If preemption is your passion, this Supreme Court term has been a disappointment. CTS Corp. v. Waldburger is one of just two preemption cases this term. To the extent local governments benefit from decisions finding no preemption, this case is a victory. But practically speaking, it is probably a Pyrrhic one.
In CTS Corp. v. Waldburger, the Supreme Court held 7-2 that the federal Superfund statute, the Comprehensive Environmental Response, Compensation, and Liability Act (CERCLA), does not preempt state statutes of repose. So homeowners’ state law claims for water contamination against an electronics manufacturer will be dismissed. Five states have repose periods (Alabama, Connecticut, Kansas, Oregon, and North Carolina).
The Environmental Protection Agency told North Carolina homeowners in 2009 that their well water was contaminated, allegedly by CTS Corporation, which had sold its electronics plant that had been on or near their property, in 1987. The homeowners brought a state-law nuisance claim. North Carolina’s statute of repose prevents a defendant from being sued for a tort more than 10 years after the defendant’s last culpable act, here 1987. CERCLA was enacted to promote “the timely cleanup of hazardous waste sites.” Section 9658 explicitly preempts statutes of limitations applicable to certain state-law tort claims and begins the statute of limitations when the plaintiff discovers that a harm was caused by contamination.
The Court held Section 9658 does not preempt statutes of repose. The Court began its analysis by explaining the difference between statutes of limitations and statutes of repose. Statutes of limitations create “a time limit for suing in a civil case, based on the date when the claim accrued.” Statutes of repose bar claims based on the date of the defendant’s last culpable act or omission. Statues of limitations encourage plaintiffs to diligently prosecute known claims. Statues of repose effectuate a legislative judgment that a defendant should be free from liability after a specific period of time.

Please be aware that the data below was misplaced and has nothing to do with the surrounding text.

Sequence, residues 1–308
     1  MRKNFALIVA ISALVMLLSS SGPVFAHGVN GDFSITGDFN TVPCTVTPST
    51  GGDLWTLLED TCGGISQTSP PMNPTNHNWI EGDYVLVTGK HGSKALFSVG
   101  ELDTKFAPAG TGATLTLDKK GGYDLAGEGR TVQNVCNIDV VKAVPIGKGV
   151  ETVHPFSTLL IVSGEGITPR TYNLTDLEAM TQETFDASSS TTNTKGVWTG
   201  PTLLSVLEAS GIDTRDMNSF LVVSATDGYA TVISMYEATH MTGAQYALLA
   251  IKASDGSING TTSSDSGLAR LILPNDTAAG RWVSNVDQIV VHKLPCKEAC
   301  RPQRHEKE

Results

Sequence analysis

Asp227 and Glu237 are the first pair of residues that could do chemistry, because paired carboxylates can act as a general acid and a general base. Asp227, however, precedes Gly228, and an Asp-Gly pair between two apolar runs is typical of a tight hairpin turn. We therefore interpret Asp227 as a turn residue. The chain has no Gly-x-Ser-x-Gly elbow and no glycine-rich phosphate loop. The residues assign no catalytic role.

The Court noted that while Section 9658 uses the term “statutes of limitations” four times, it never uses the term “statutes of repose.” While the Court concluded this isn’t dispositive, “other features of the statutory text further support the exclusion of statutes of repose.” These include that Section 9658 describes the covered period in the singular, assumes a claim exists (statues of repose can prohibit a cause of action from coming into existence), and allows for equitable tolling (only available under statutes of limitations).
Some state legislatures may now want to adopt statutes of repose. But doing so could cut both ways for local governments involved in environmental cleanup litigation. In some instances local governments may be accused of being the contaminator. In other instances local governments may be trying to recover from a non-government contaminator.